Misleading Marketing?

Some consumers may find the marketing of these products to be misleading because of references to the FDA or to claims based on FDA-approved products containing 2% or 5% minoxidil.

The website for MinoxidilMax claims to offer “effective hair regrowth products... for male pattern baldness (alopecia androgenetica)” with “unmatched effectiveness.” Their products are manufactured “by an FDA registered cGMP compliant facility,” contain “the only effective ingredient approved by FDA in topical hair regrowth solution,” and have “the maximum strength of FDA approved hair growth stimulator (15% minoxidil).”

Consumers who read further on the company's website may be surprised to find that their products are not FDA-approved and that “the statement on this website has not been evaluated by the FDA. This product is not intended to diagnose, treat, cure or prevent any disease.”

Another manufacturer, Perfect Image Solutions, offers high dose minoxidil products “specifically formulated to treat conditions associated with male pattern baldness (Androgenetic Aloepicia).”

The FAQ section of the website relies on the long history of FDA-approved minoxidil products like Rogaine® to imply that high dose minoxidil products must also be safe:

How do I know using a high concentration of minoxidil isn’t an overdose?
Minoxidil has been on the market for over 20 years with an extremely low incidence of side effects, especially from topical application.”

Although claiming that the products are “clinically proven to yield unparalleled results in the field of hair loss,” manufactured in an “FDA registered cGMP compliant facility,” and that all ingredients, “including Minoxidil must meet all FDA guidelines,” the website does not provide any evidence of clinical trials demonstrating the safety or efficacy of its products.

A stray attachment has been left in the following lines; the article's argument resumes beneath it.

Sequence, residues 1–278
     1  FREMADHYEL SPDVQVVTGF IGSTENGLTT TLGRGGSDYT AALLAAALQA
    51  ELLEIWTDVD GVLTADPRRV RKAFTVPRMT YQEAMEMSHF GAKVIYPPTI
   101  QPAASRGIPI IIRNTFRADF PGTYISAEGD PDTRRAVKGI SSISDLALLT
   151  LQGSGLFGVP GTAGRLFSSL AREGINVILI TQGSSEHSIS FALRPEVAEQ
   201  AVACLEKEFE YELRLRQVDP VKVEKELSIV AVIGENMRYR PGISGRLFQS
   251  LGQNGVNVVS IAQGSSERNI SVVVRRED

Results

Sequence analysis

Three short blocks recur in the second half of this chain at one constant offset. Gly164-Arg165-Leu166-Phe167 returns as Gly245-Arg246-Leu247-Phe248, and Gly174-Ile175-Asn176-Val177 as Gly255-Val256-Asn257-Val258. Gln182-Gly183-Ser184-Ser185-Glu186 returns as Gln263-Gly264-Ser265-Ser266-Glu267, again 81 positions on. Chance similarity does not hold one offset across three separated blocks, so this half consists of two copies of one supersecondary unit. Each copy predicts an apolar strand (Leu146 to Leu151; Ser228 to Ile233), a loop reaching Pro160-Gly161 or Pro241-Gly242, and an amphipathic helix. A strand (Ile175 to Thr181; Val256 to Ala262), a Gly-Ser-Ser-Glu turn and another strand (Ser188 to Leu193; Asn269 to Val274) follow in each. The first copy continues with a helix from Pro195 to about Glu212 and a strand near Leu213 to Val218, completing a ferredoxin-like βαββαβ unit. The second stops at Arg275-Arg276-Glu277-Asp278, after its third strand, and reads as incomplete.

FDA Takes Action

Earlier this year, Regrowth LLC, a well known distributor of high dose "specialty" minoxidil formulations (formerly sold under the name Xandrox), released the following statement on its website:

“We're very sorry to inform you that Regrowth LLC has to suspend all operations at this time. In an ongoing audit, the U.S. FDA has deemed our medications to be 'unapproved illegal drugs'.”

Regrowth LLC had been selling minoxidil formulations containing 15% minoxidil (three times the FDA-approved dose contained in products such as Rogaine® and Avacor Physicians Formulation®).

On May 25, 2011, the FDA initiated a recall of 57,999 bottles of Regrowth LLC's products, stating that “[t]hese products are unapproved drugs and may present potential health hazards.”1 Based on this recall, it would not be surprising if the FDA takes action to stop other distributors of high dose minoxidil formulations/combinations from selling unapproved drugs in the future.

Conclusions

At the time of posting this article, we are unaware of any clinical trials proving that products containing higher concentrations of minoxidil than 5% are safe or more effective than FDA-approved products containing 5% minoxidil.

In January, Dr. Glenn Charles, a member of the International Alliance of Hair Restoration Surgeons, commented:

“I have not seen any studies comparing 5% Minoxidil with higher % Minoxidil concentrations. I would imagine that the incidence of side effects might be higher with greater % of Minoxidil. However, many of the reported side effects might actually be caused by the other ingredients in these hair loss products containing Minoxidil.”

If you are still interested in experimenting with formulations containing high dose minoxidil or combinations with other active ingredients, it may be a good idea to consult with a physician before you begin using any such products.

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1. Enforcement Report for May 25, 2011: RECALLS AND FIELD CORRECTIONS: DRUGS - CLASS II. FDA.gov (accessed September 8, 2011).
http://www.fda.gov/Safety/Recalls/EnforcementReports/ucm256794.htm

2. Photo above from Occupycorporatism.com